Climate chief Manuel Pulgar Vidal says 'keep momentum'
One of the world's leading climate experts says the Scottish government should "keep momentum" by legislating for a carbon-neutral economy by 2050.
Manuel Pulgar Vidal believes Scotland's leadership could be instrumental in maintaining global climate ambitions as President Trump frustrates them.
Mr Vidal, a former Peruvian environment minister, chaired the 2014 UN Climate Conference in Lima.
This paved the way for the historic Paris Agreement.
The agreement commits 188 countries to keeping rising global temperatures "well below" 2C above pre-industrial levels and "endeavour to limit" them even more, to 1.5C.
It is under threat from the US policy to withdraw from the accord.
In an interview with BBC Scotland, Mr Vidal said: "I think it is going to be enough when Scotland can adopt a clear target of zero emissions by 2050, a carbon neutral economy by 2050.
"It is achievable but it is interesting because there are many people who are sceptical that that is achievable.
"Nobody had expected how much we can develop in renewable energy … so if we are thinking about 2050 we need to think in an evolving context in which things are changing really quickly, in which technology is involving and in which price is dropping."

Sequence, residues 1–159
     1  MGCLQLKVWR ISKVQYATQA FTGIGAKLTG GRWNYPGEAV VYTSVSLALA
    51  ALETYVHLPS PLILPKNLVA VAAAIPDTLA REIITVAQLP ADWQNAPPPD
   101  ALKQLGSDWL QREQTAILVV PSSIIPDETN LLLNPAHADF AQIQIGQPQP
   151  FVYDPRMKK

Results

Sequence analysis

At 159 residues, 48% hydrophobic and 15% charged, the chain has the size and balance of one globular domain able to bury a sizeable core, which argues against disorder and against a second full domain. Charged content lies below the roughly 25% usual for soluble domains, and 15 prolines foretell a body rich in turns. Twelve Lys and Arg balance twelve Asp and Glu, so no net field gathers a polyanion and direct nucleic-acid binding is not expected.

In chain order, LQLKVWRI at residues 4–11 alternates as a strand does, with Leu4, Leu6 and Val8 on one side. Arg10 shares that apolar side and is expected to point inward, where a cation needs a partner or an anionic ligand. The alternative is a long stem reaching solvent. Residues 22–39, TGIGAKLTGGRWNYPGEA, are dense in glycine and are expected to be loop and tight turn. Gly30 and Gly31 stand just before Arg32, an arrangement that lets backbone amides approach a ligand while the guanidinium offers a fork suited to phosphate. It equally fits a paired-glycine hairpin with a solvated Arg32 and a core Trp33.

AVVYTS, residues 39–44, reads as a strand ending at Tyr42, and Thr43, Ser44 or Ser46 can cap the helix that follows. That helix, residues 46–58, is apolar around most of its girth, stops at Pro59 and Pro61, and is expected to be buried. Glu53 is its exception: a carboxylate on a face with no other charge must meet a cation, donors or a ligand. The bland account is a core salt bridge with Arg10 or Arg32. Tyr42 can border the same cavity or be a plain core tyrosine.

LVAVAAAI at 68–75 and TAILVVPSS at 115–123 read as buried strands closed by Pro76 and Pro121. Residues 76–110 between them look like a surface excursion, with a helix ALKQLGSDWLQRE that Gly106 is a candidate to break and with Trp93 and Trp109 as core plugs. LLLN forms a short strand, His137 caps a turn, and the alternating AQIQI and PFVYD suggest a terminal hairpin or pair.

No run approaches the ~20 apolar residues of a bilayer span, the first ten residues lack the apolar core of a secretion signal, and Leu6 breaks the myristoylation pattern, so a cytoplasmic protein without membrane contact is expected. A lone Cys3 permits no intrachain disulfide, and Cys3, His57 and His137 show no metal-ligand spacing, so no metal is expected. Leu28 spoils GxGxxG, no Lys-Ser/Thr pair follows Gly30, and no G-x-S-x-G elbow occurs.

Scottish ministers will introduce a Climate Change Bill to parliament next year which will set a carbon emissions target for 2050.
A commitment already exists to reduce greenhouse gas emission by 90% but environmental groups want the Scottish government to go even further.
A Scottish government spokeswoman said the previous 2009 Climate Change (Scotland) Act included a target to reduce emissions by 80% by 2050.
She said the new bill would have "even more ambitious targets in direct response to the Paris Agreement".
Mr Vidal, who is now leader of climate and energy practice at WWF International, is in Scotland to receive the Shackleton Medal from the Royal Scottish Geographical Society.
The 2017 UN Climate Conference gets under way in Bonn, Germany, next month amid concerns the US may attempt to frustrate the process of developing the Paris Agreement.
US President Donald Trump is trying to revive his country's declining coal industry and has suggested reopening mines which have closed.
Mr Vidal said: "Trying to go back to coal, to promote investment or to invite the business sector to be part of that initiative is not a good idea and I'm fully sure that President Trump is going to fail in this idea.
"Scotland could play a really important role in trying to keep momentum, in trying to keep this consensus, even in the most difficult scenario."
The US cannot begin the process of withdrawing from the Paris Agreement until 2019.
The former president of the Lima COP20 believes Donald Trump will eventually agree to remain a part of the agreement.
He also raised concerns about the impact Brexit could have on tackling climate change by allowing it to drop down the political agenda.
He said: "You know that it is very human, it is very natural, that the people believe they can sacrifice something today for having something better for the future.
"But I think we are in a time in which we shouldn't avoid acting now because it is the only way to assure conditions and protecting our planet for the future."